Beginning of the eighties. While France was discovering high speed trains, an Internet forerunner named Minitel and the hedonistic aspects of free trade after a faked attempt at socialism, Pierre Pelot put up resistance with La Forêt muette. His reader was snatched deep in the Vosges woods, at the « Death bottom », from where he couldn't escape safely. Pelot put his finger on the very violence of human nature through a merciless story and a climax scene still remembered years after. Published in 1982, this masterpiece expanded out of its genre and its storytelling trick was found at the end of the nineties in movies like Primal Fear or Fight Club, which the french writer was fifteen years ahead. A prolific author, never far away from the backwoods, the man from les Vosges did it again in 1988 and wrote a superb Si loin de Caïn, an inescapable descent into hell populated by poor primitive people, taken straight away from Tobacco Road by Caldwell. The cold distance taken by Caldwell with his white trash people of the Great Depression allowed a lot of readers to dismiss the tragedy thanks to a supposed satire, but Pelot connected his readers with the rudimentary and aggressive minds of his wild clan lost in the woods, and took us toward the dark and frozen surface of our primitive bestiality, finding this smaller common denominator which made possible an empathy that first seemed impossible. These two novels raised him to a backwoods noir's master status, and they were logically connected to Caldwell and Faulkner's works by several book critics when they went out.

Nineties saw a rebirth of the genre. Chris Offutt put together Kentucky straight in 1992, a set of short stories shaded with fantasy and haunted by forest myths. His imaginary small community spread through the woods is divided between tragedy and false hopes with a surviving folklore background, while Offut is enchanting us with the deep humanity of his dreamlike stories.
After three novels rooted in the Louisiana bayou, Daniel Woodrell wrote in 1996 a new backwoods classic : Give us a kiss, a lighthearted fiction set in the Ozarks where he was raised, and which he subtitled himself « a country noir ». Matthew F. Jones published the same year A single shot (french readers will have to wait 2013 and the movie adaptation to read its transalation), with a noteworthy style serving a very dark and tense story. Both gave a new kick start to the genre, while France was not outdone as Jean-Paul Demure took on the torch from Pelot in 1998 with a smothering fiction set in the Ardèche mountains and titled Fin de chasse. Here, secrets are heavy to keep, and hates are enduring. Hate being also a fuel for Elsa Marpeau's writing with Recherche au sang (2003). This well informed first novel dissected both the hunters community of the Sud-Gâtinais area and the rural loneliness. The genre's specific savagery is smoldering among remote farming settlings under quiet exteriors, only to wake up without redemption.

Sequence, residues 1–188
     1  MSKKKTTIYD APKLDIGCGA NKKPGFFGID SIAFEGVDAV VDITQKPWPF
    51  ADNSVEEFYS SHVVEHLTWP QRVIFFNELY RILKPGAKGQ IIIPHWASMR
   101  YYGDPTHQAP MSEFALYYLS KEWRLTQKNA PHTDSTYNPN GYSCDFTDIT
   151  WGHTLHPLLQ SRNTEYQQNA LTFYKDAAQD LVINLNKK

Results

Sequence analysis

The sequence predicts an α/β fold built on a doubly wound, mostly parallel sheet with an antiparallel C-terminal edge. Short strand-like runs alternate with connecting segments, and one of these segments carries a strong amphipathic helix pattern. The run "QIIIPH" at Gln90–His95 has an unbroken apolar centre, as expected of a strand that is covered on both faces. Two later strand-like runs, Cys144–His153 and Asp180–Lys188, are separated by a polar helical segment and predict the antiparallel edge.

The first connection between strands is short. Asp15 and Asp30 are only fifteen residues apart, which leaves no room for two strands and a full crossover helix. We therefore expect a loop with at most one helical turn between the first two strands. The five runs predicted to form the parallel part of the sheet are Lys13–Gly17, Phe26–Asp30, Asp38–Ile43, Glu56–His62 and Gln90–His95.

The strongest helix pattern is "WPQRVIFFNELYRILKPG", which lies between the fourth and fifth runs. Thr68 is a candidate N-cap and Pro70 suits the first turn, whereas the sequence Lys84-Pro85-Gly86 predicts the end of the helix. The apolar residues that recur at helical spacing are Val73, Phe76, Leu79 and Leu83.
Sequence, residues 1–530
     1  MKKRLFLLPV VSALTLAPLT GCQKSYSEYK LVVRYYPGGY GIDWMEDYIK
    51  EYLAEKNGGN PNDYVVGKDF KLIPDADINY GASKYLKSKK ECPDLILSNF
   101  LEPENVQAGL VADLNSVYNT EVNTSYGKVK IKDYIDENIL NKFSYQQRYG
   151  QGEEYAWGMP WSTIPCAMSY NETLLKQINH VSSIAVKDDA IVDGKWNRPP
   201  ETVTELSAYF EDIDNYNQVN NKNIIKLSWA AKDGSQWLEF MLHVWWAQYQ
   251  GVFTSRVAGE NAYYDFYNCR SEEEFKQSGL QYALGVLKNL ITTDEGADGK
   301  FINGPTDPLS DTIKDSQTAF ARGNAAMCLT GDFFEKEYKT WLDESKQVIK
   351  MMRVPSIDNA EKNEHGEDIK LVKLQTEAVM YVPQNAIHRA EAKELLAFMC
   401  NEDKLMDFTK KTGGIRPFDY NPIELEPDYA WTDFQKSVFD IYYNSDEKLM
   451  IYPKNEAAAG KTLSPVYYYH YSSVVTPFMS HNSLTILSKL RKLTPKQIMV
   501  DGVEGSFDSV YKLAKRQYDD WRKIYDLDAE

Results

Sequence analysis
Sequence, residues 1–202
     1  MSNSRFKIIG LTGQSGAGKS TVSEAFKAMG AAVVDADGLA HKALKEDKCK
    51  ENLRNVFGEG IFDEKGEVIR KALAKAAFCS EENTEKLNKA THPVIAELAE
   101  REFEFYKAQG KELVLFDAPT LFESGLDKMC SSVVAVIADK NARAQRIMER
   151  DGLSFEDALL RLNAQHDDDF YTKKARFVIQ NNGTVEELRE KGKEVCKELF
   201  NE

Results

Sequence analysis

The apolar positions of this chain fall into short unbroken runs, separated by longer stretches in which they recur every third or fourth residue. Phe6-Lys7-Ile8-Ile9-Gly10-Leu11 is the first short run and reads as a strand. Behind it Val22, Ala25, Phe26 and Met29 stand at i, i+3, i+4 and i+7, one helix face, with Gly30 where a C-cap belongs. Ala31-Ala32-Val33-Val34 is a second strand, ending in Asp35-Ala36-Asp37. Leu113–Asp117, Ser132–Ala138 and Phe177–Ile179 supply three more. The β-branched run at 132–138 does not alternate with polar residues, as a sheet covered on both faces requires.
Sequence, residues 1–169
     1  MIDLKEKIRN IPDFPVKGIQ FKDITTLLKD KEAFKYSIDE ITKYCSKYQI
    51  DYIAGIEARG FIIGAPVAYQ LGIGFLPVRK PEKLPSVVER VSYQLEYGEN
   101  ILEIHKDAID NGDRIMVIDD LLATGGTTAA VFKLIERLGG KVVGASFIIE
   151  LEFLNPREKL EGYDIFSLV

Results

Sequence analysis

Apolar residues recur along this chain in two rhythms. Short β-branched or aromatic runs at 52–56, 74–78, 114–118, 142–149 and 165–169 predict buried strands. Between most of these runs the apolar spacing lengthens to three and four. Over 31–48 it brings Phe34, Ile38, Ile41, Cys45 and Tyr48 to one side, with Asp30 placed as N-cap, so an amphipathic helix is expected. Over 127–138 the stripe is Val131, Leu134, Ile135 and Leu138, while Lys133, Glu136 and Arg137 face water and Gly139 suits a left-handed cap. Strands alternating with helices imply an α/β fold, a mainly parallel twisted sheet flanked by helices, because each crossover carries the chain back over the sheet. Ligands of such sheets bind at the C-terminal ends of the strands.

In North America, new authors are seizing the literary genre and 2011 marks a new milestone. Canadian writer Lauren B. Davies had the lyrical landscapes facing the seamy side of people's fate throughout Our daily Bread. Her story is inspired by local news from the Nova Scotia area of the early eighties, mixing meth devastation and children gang raping. Ace Atkins launched the first piece of his Quin Colsonn serie : The Ranger, intended for a wide readership : a workmanlike style, prudish and manichaean between the lines, featuring hardboiled characters back from Afghanistan and components of the backwoods.
Daniel Woodrell, now famous thanks to movie adaptations of his novels Woe to live on and Winter's bone, wrote The Outlaw album, a brilliant set of short stories located in the Ozarks mountains drawing from the same dream-like and tragic material found in Offutt's work. Crimes in Southern Indiana, a first novel by Frank Bill, establihes itself as the most virulent backwwods noir of recent years (published in french in 2013 as Chiennes de vies). Displayed as short stories, undoubtedly a fashionable format for backwoods noir, his violent and syncopated tales underlined by nihilism and self-destruction are showing us through a jerky style human paths devastated by globalization and featuring frantic survivors killing each others in the hills.
Backwoods noir took its revenge out on the seventies. Futuristic promises from ago – hygienists towns, comfortable robot-assisted homes for a united mankind – were blown away through the acrid smokes of the globalization ruins. Jobless people, mad veterans back from oil wars and meth addicts whose labs have replaced old timers' stills are now swarming american hills. In France, the middle-class is fleeing the functionalists suburbs' wreck to find shelter in surrounding villages, while rural exodus is growing due to gas price raises and decrease of job offers in remote locations.